Experimental feature

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Experimental feature

“Revival” hardly seems the word after a 32-year gap. And yet here we have the same director, the American Stuart Seide, returning to John Ford’s masterpiece of incest, revenge and a gaggle of juicy murders. Then a new boy on the French block, Seide is now ensconced in Lille as director of the Théâtre du Nord and its theatre school, from which he has sourced his eager young cast.

This streamlined version cuts out the entire subplot, itself riddled with nastiness and corpses, to interweave extracts from Ford’s contemporaries (Donne, Herrick, Webster) and familiar chunks of Hamlet, murmured in echoing relay by members of the cast. Reflective pauses serve to concentrate the baroque decadence of this claustrophobic universe.

The set is a cross between a catwalk and a tribunal, the audience gazing down like Romans watching gladiatorial combat – and about the same amount of blood and body parts gets splashed around by the last scene. A raised dais at one end holds a vast bed, at the other the throne of authority and religious absolutism. Dead simple but clever, Charles Marty’s design highlights the tangling of public and private, the virgin as marriage commodity, the prevalence of sexual hypocrisy, the church as perverted spectator.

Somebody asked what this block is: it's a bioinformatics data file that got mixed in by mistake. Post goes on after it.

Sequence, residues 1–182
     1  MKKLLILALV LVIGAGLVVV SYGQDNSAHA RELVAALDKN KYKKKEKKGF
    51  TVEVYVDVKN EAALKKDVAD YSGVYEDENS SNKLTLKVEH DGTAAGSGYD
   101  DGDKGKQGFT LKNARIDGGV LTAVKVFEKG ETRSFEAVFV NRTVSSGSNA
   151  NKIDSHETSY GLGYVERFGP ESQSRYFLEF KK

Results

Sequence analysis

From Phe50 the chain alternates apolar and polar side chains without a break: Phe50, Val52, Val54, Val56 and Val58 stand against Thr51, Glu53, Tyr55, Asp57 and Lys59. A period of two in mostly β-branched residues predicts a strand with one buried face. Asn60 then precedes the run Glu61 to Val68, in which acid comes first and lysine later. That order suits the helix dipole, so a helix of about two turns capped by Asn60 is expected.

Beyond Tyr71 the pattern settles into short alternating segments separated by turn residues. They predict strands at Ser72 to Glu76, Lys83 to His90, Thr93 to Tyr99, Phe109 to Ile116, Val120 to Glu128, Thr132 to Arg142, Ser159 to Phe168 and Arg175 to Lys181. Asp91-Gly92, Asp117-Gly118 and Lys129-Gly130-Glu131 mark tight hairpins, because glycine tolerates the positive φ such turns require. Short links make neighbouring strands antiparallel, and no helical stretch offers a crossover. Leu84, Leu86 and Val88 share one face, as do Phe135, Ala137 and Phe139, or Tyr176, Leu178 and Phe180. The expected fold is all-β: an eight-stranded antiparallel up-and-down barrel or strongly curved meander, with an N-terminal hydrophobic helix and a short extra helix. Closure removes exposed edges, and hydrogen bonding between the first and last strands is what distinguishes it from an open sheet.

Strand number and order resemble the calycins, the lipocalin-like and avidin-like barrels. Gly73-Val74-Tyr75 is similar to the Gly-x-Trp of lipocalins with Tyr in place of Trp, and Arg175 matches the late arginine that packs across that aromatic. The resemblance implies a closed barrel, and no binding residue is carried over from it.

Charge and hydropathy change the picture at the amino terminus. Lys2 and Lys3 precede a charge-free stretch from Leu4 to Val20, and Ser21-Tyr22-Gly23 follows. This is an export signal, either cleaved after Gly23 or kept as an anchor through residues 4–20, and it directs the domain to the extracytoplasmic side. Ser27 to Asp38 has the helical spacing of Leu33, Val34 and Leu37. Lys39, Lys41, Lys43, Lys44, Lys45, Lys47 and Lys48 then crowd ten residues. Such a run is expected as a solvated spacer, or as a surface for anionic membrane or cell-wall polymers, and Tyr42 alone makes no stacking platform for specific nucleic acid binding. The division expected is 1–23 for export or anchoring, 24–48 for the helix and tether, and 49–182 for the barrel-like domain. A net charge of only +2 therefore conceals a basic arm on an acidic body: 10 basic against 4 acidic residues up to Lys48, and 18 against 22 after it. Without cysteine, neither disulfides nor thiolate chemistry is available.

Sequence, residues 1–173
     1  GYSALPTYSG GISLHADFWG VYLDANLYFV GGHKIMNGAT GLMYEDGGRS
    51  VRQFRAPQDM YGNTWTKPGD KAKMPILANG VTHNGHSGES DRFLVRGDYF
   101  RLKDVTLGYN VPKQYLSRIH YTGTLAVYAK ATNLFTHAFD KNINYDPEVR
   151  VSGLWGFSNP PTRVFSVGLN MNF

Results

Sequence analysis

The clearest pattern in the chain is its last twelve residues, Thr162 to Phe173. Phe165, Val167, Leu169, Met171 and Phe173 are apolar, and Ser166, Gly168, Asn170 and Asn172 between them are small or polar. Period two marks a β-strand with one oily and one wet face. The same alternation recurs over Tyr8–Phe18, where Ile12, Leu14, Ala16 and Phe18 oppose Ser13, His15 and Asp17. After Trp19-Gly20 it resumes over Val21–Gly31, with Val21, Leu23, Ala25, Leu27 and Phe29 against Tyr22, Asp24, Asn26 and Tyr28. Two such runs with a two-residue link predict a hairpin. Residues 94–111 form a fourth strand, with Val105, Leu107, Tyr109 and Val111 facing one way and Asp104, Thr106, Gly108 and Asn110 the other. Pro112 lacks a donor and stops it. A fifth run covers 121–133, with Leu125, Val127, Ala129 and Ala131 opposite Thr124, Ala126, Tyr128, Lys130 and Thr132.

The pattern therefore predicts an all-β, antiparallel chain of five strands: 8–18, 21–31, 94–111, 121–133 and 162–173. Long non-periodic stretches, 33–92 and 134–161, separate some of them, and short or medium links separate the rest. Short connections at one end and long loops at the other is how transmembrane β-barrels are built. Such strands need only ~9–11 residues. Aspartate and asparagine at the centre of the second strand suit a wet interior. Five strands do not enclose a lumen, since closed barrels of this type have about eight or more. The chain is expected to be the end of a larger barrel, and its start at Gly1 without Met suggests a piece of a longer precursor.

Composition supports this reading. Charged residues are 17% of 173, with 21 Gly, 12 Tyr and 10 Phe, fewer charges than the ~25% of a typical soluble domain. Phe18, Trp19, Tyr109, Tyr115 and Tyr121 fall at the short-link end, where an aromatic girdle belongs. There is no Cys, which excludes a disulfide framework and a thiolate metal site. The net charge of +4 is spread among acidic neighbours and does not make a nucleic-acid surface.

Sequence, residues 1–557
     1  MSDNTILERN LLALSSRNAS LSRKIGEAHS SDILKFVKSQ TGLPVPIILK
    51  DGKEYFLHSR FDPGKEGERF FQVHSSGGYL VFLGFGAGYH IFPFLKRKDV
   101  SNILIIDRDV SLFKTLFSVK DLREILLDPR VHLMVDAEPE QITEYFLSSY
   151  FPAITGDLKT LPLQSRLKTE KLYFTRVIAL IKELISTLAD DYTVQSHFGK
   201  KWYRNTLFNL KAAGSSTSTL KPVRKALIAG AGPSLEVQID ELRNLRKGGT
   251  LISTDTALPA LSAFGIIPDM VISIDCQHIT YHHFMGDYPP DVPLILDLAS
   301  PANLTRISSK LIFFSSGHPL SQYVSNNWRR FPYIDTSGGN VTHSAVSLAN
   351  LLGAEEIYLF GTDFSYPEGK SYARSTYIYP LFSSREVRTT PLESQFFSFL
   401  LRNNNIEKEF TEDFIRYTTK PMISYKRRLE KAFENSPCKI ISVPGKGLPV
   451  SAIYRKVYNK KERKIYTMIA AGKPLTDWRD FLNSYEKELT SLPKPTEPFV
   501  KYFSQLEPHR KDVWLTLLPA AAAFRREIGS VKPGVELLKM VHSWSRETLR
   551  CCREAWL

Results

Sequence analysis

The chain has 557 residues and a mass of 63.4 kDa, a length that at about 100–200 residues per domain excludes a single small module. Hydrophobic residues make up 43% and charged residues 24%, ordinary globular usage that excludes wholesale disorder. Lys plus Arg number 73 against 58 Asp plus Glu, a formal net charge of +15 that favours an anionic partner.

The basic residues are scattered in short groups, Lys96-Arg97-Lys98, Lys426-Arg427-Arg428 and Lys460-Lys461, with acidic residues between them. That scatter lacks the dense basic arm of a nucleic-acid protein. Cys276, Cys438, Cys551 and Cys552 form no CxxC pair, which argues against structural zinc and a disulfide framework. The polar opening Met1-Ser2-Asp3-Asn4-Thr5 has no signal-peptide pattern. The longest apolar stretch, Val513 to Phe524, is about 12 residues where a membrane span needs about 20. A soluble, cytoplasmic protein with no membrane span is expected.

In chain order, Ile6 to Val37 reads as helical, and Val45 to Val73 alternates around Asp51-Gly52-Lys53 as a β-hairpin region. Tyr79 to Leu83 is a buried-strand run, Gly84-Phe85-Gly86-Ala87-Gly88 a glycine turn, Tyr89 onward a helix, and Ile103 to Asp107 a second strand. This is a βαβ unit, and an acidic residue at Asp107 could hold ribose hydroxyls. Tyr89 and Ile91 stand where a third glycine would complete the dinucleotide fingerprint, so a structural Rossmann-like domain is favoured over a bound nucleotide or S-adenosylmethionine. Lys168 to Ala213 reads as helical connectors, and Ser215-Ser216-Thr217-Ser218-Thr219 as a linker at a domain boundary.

In case you hadn’t guessed, subtlety is not the name of the game. Extreme portrayals dominate: the fatly imperious father wearing fertility symbols, the effete and complacent husband Soranzo (Christophe Carassou) contorted with fury on finding his new bride pregnant, the grotesquely complicit nursemaid Putana (Caroline Mounier). More complex, Anna Lien’s plotting servant Vasquès is a study in warped malevolence. Less effective were the Dark Lady and the lacklustre monk with the croaky voice who reminded me of a Harry Potter dementor.

The trouble with a backdrop that repellent is that incest between two attractive young things starts to seem like a rational life choice instead of a moral dilemma. Especially when looking at Azeddine Benamara’s skilful Giovanni, physical, impassioned and convincing, and Chloé André’s sweet but sometimes insipid Annabella. This may be tragedy but we’re never in the danger zone.

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